Australia’s Sharon Jarvis entered the arena for the final ride of her record-breaking Paralympic career at the Tokyo Games tonight (Sunday, 29 August).
Sharon made history this week, as only the Australian equestrian to have ridden at three Paralympics – Beijing 2008, Rio 2016 and Tokyo 2020. It was on this note that she made the decision to retire from the sport.
“The part that makes it a lot harder is that I made a choice before Tokyo that this would be my last Games,” said Sharon, who partnered Romanos to a score of 67.9% on the final day of the team competition.
The moment was even more emotional as this was Sharon’s final ride on Donnella Merrett’s 19-year-old gelding, as he returns home to his owners after the Games.
“It just makes me so emotional because I have absolutely loved riding this horse to bits, but unfortunately that is the nature of our sport when we can’t afford to own our own horses,” she said.
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When Sharon’s intended Tokyo ride was injured, she thought that was the end of her dream for these Games.
“I had moved 4,000km across the country to train for Tokyo five years ago. So when my horse injured himself I said to my coach Rozzie Ryan, ‘I think that’s it. I have to drive back home, I don’t have a budget to buy a horse’,” she recalls.
“Rozzie said, ‘no, you’re not giving up yet. I won’t let you drive out that gate!’ We actually put a call out on Facebook to see if anybody had a horse to loan to me, and we had so many lovely messages from people.”
One of those messages was from Donnella, based around 1,000km away, who suggested her Rotspon x Laptop gelding Romanos might suit.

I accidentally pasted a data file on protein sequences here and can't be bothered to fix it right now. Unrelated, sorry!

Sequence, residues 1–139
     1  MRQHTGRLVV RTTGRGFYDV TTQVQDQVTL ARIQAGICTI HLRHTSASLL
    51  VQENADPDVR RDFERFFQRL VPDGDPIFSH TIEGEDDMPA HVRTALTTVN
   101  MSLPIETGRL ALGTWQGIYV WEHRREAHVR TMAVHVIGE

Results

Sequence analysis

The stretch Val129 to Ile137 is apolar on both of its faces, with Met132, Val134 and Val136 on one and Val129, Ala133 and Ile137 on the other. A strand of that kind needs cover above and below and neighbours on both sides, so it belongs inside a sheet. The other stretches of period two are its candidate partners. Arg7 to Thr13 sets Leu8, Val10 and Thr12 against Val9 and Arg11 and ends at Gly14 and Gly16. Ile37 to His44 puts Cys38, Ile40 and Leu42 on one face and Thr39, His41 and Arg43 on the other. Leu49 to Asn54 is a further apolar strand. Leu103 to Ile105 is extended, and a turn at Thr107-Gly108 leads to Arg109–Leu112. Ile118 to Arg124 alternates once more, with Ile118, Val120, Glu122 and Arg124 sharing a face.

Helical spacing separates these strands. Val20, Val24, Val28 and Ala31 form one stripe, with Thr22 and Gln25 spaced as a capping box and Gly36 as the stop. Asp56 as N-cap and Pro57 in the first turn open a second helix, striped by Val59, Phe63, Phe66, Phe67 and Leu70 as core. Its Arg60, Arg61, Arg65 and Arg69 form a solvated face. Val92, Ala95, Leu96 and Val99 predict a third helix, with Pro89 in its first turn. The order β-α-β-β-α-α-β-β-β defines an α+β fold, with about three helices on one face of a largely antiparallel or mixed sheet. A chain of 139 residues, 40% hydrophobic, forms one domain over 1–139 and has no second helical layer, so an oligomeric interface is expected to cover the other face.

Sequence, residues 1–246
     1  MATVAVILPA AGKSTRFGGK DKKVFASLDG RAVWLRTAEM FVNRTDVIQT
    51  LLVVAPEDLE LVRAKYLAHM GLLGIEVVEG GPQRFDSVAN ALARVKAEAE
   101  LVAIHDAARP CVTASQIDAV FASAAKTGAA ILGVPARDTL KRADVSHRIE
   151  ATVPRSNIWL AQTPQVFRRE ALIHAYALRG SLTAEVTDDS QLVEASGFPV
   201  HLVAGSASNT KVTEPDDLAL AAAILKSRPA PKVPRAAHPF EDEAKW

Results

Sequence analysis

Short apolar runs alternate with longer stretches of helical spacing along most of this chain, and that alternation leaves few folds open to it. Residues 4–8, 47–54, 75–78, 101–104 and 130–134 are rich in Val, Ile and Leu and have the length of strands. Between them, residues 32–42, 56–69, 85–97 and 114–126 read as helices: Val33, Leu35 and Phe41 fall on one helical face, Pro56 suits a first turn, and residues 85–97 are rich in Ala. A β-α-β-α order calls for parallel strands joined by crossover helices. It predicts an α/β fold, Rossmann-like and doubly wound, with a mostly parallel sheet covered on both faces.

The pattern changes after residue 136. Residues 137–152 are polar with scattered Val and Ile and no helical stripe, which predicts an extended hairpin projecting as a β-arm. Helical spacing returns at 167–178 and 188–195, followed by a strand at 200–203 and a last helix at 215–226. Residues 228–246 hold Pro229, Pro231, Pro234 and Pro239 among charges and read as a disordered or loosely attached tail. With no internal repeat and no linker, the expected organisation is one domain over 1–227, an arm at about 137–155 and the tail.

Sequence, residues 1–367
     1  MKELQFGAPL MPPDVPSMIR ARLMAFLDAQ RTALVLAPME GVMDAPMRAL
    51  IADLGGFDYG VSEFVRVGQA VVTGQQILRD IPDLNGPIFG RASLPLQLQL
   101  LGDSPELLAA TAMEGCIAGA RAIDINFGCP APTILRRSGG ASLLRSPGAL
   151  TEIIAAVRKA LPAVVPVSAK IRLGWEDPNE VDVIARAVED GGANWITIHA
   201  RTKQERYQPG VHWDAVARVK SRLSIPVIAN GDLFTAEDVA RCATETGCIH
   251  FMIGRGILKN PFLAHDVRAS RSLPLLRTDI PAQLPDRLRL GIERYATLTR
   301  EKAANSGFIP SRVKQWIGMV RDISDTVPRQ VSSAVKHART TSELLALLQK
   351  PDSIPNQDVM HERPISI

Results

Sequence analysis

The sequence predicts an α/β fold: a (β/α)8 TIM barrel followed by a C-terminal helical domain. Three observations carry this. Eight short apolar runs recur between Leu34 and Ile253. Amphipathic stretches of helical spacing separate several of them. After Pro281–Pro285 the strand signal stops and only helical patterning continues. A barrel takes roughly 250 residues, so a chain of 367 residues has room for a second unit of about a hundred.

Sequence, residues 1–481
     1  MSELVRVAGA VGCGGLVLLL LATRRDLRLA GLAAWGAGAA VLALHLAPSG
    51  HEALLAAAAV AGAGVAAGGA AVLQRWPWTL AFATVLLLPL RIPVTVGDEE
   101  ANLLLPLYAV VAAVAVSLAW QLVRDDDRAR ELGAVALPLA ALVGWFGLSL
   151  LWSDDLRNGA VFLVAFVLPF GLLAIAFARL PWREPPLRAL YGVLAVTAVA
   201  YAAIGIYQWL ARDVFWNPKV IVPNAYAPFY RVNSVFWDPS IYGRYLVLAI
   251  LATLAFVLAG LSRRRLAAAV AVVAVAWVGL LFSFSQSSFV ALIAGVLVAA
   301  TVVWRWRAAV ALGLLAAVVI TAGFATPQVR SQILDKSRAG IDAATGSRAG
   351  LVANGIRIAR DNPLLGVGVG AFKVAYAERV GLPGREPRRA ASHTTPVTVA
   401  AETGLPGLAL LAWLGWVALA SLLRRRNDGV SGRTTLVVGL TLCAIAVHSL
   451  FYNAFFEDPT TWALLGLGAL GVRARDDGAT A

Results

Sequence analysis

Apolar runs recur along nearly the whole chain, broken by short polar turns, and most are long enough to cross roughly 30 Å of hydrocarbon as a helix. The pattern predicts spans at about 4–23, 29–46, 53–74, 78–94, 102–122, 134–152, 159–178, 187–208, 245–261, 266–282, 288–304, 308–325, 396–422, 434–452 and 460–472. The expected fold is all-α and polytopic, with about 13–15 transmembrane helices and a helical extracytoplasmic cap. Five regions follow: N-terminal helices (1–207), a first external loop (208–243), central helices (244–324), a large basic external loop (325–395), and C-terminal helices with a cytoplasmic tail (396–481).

“Rozzie said, ‘that’s the horse – go get on the plane’. I had one ride and said ‘yeah I think I can do this’. I’m just ever so grateful to his owner for allowing me to ride him and my coach for not letting me give up.”
Tokyo was a completely new experience for Romanos, who Sharon describes as “very cheeky and loves drinking slushies”.
“I’m just very lucky and grateful to be on a horse like him here,” she said.
The grade IV rider was diagnosed with Ewing’s sarcoma bone tumour in her left leg when she was seven years old and was originally given three months to live. Doctors saved her life and saved her leg from amputation. As a result of the treatment, her left leg and lower right leg have limited movement and strength.
“I’ve seen my family for two days in the last 20 months because of Covid. They are back home watching. It’s been quite a big logistical thing, and I’m looking forward to going home after Tokyo,” she said, crediting her support team, and first and foremost Romanos, for what they have helped her to achieve.
“It’s incredible and it’s emotional [to be here]. I thought I was really lucky to get to one Games and to make it to three is just unbelievable.”
Alongside her Paralympic achievements, Sharon is also a double bronze world medallist with Applewood Odorado.
“We found him through Horse & Hound!” she said. “We had been in England in the lead up to World Championships in 2007. I picked up a copy of Horse & Hound magazine and saw an ad in there for a horse. We went and looked at it and ended up buying him, and he went on the be my medal-winning horse at the World Equestrian Games at Kentucky in 2010.”
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